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Security problems in the computer room itself include accidents to staff, equipment and data, as well as deliberate physical damage and tampering with programs and files. Because recommendations for physical protection, including fire prevention and access control, have been discussed in detail elsewhere, this chapter concentrates on those problems...
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In this chapter and the related appendices we will cover a variety of security considerations having to do with the data control and data preparation sections. The discussion will not be comprehensive, in that no attempt has been made to include all general procedures, but only the special security concerns associated with these functions.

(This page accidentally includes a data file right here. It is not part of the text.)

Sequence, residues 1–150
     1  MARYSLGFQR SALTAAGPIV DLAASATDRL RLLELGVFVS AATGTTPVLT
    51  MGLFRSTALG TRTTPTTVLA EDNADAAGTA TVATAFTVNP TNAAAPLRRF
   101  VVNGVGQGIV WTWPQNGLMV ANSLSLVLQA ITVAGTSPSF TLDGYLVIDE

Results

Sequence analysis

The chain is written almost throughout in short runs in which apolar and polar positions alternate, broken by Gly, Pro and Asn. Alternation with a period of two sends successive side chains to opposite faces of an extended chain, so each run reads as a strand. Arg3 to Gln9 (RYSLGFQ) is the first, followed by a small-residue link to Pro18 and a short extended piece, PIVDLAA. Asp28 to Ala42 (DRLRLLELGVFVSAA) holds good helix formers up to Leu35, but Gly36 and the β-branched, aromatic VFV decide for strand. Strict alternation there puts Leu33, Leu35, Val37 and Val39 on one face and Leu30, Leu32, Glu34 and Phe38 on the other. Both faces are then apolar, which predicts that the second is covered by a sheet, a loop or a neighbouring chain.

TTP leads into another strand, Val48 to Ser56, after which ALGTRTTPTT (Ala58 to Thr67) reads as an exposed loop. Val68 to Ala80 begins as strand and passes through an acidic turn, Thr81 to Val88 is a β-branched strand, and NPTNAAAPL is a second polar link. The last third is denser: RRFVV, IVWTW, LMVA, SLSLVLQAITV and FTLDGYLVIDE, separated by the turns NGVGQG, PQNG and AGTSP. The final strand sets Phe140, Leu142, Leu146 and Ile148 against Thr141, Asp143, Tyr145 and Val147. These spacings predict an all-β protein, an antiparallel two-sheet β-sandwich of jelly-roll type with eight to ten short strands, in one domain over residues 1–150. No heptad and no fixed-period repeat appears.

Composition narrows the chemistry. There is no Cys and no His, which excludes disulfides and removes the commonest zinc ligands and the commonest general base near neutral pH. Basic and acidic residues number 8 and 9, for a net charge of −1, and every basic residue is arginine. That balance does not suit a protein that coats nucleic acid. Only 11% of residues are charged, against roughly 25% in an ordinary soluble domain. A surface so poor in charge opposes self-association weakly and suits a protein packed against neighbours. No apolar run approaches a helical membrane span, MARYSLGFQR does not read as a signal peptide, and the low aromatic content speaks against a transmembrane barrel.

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This chapter, despite its title, is less about recovering from a disaster than how to give yourself the ability to recover. If the computer, files and documentation are all in one place, and if the installation is destroyed by fire, the first recourse is to prayer, the second to a personnel agency (because you will probably be out of a job) and thi...
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One of the authors, as part of a consultancy project, recently interviewed an applicant for a senior programmer’s job. The young man was well-qualified and brought samples of his work to the interview to prove it. From his briefcase he proudly produced a set of program listings and detailed specifications for a transport optimization system he had...
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The nature of on-line systems presents some special security problems. They are usually the ‘high technology, high benefit’ systems, expensive to develop and operate, performing functions not possible any other way (for example, the airline reservations systems) or putting within reach qualitative benefits whose value is difficult to measure. A cha...